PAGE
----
Limit the number of irregular words taught at once. Teachers focus on practicing these words many times. They have to be mastered and memorized before new words are introduced. There are pages on how to teach sight words including our article below, however limiting to little and often is the approach we have found to be most successful.
You can build a portfolio for students using the two sets below. these have 40 of the most common sight words and are multi intelligence based worksheets to cover diverse learner motivations.
5. Reading Aloud
The last step is usually oral reading. A simple oral reading passage is given to the student, only containing the skills they have learned so far. Fluency plays a significant role here, which involves reading accuracy and reading speed.
These simple passages aim to build confidence and reading skills and to progress at the speed the students is capable of (not what a curriculum or educational theory says is appropriate). These can extend from simple CvC readers to more complex multi syllable reading passages in higher grades.
We have two examples of our free downloads to help with this above and below. However we also have a full pack of phonics and reading skills workbooks on the site for a nominal fee that we will link to here. It is often on sale and helps teach the Orton-Gillingham Method from initial sounds to multi syllable words. it can be used in both classroom and homes.
General Order Of Teaching Letters
In general, sounds and their corresponding letters are taught based on their frequency. That is, how often they appear in a language. Continuous sounds like /a/, /t/, /s/ and /m/ can be introduced especially early on. As they can be seen in programs such as Jolly Phonics and Reading AtoZ.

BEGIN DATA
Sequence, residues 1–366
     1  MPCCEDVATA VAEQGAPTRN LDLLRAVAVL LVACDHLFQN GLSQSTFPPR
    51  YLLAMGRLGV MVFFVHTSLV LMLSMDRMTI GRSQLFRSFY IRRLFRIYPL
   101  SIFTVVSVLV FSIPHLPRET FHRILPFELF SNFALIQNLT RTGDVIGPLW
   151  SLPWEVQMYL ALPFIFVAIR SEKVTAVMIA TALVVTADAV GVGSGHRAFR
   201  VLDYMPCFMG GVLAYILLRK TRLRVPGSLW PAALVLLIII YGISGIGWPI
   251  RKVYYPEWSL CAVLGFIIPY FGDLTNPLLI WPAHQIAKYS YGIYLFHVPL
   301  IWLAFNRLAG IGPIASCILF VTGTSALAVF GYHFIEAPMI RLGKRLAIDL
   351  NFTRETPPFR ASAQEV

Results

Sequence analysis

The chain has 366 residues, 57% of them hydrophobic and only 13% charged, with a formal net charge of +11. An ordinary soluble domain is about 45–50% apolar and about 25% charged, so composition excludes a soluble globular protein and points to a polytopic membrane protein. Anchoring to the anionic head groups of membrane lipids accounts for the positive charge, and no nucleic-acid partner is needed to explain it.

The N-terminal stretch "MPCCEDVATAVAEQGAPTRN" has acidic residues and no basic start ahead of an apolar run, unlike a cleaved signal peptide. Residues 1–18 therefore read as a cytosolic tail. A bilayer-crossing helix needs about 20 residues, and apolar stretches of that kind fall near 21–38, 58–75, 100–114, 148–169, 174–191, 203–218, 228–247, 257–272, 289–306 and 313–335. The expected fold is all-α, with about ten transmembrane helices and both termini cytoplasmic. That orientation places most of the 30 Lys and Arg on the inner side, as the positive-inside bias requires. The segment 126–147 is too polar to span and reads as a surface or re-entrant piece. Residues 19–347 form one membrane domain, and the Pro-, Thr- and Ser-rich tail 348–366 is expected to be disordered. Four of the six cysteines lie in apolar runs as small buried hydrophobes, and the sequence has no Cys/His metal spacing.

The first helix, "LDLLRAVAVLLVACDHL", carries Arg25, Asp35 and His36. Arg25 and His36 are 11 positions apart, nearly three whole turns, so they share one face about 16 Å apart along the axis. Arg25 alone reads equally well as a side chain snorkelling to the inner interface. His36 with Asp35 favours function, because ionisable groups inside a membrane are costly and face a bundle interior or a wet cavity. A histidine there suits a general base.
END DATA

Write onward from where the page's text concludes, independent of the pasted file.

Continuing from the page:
The order of letters can vary quite a bit and depend on the teacher, the English curriculum, and the purpose of English lessons (Second language for example) but two examples include /t/, /a/, /s/, /n/, /p/ and /i/ and /a/ /m/ /t/ /s/ /i/ /f/ /d/ /r/ /o/ /g/ /l/ /h/ /u/ /c/ /b/ /n/ /k/ /v/ /e/ /w/ /j/ /p/ /y/. These letters are common enough to build a large number of words.
Visually similar letters, like /b/ and /d/, and those auditorily similar like /e/ and /i/ should be separated to avoid confusion. Once students have mastered one it becomes easily to distinguish between the two similar letter sor sounds.
Once a few letter sounds are learned, CV (consonant-vowel) sound combinations are taught. Some examples include /pa/, /si/ and /ta/t. This step becomes more complex by adding consonants to make CVC (e.g., cat) words and later consonant clusters to make CCVC (e.g., stop) words.
it is also possible to introduce minimal pairs at this stage, an have students starting to look at word families and similar onset and rime pairs. Ther eis an artcile here and some resources below to help with this.
The order of teaching letters in the Orton-Gillingham approach includes activities involved in phonological awareness, learning new concepts, syllabification, learning sight words, and reading out aloud.
Instructors follow this process for each new letter-sound combination taught, and the previously learned skills are revised before moving to the following skills. Teachers introduce these skills using multisensory activities.